As you’ll recall from our previous story Muy Rico Channel Drive, the Depression took its toll on the Biltmore Hotel . In 1936, under foreclosure, the Biltmore Hotel and its accompanying property, the Biltmore Beach Club, were purchased by Pacific States Saving and Loan. At the time, the majority shareholder of the bank was the Robert O’Dell family.

The Biltmore Hotel re-opened on July 1, 1937, and about three weeks later the newly renovated and improved pool/beach club opened as the Coral Casino. Over the years, the Coral Casino has undergone many changes, but today it remains very much as it was in the 1930s. At one point, sand was brought in and placed around the pool. (CAPTION: Photo by Hal Boucher, 1950

At another point, the pool was converted to salt water and a few years later it was a highly chlorinated one. Today it is “just about right,” as newer technology and chemistry have allowed for a chlorine-free pool that is clean and safe. This is a postcard photo of the Coral Casino taken probably during the 1960s.

And this is how the club looks today.

No local landmark has given us as much trouble as has the Biltmore Pier. Both of us Urban Hikers spent many a summer day down at the pier in the early to mid 1970s. Sometimes the weather and conditions were so superb (and the “pier” pressure so great) that we would jump from the end of the pier into the ocean with friends cheering us on. Then, more often than not, we’d swim over to the Coral Casino raft for a little ‘”R and R” before swimming back to shore and rejoining the crowd at the end of the pier. Oh, those were the days…In fact, this photo, taken in January 1983, shows one of the UH “sittin’ on the wall” shortly before the old girl was wiped out in a winter storm.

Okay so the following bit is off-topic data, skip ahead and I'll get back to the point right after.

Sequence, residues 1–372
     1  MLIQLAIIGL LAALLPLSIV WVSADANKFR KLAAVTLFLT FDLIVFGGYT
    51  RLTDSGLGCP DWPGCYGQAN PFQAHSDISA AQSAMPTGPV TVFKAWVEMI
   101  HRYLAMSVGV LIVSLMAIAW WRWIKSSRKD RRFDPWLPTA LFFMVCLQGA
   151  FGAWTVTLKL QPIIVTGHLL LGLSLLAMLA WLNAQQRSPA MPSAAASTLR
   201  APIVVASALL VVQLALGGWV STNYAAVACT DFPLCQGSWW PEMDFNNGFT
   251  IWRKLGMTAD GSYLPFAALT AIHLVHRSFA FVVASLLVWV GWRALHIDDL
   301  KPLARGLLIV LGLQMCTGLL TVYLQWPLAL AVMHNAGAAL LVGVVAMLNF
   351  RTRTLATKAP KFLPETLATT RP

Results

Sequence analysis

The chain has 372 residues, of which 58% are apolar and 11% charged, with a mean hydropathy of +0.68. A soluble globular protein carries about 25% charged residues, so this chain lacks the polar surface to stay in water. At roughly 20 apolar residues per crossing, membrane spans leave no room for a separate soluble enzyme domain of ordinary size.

Looking back, we have a photo taken from around the turn of the century that clearly shows a pier in the background. As far as we can tell, this photo was taken near the entrance of the property that was to become known as “The Breakers.”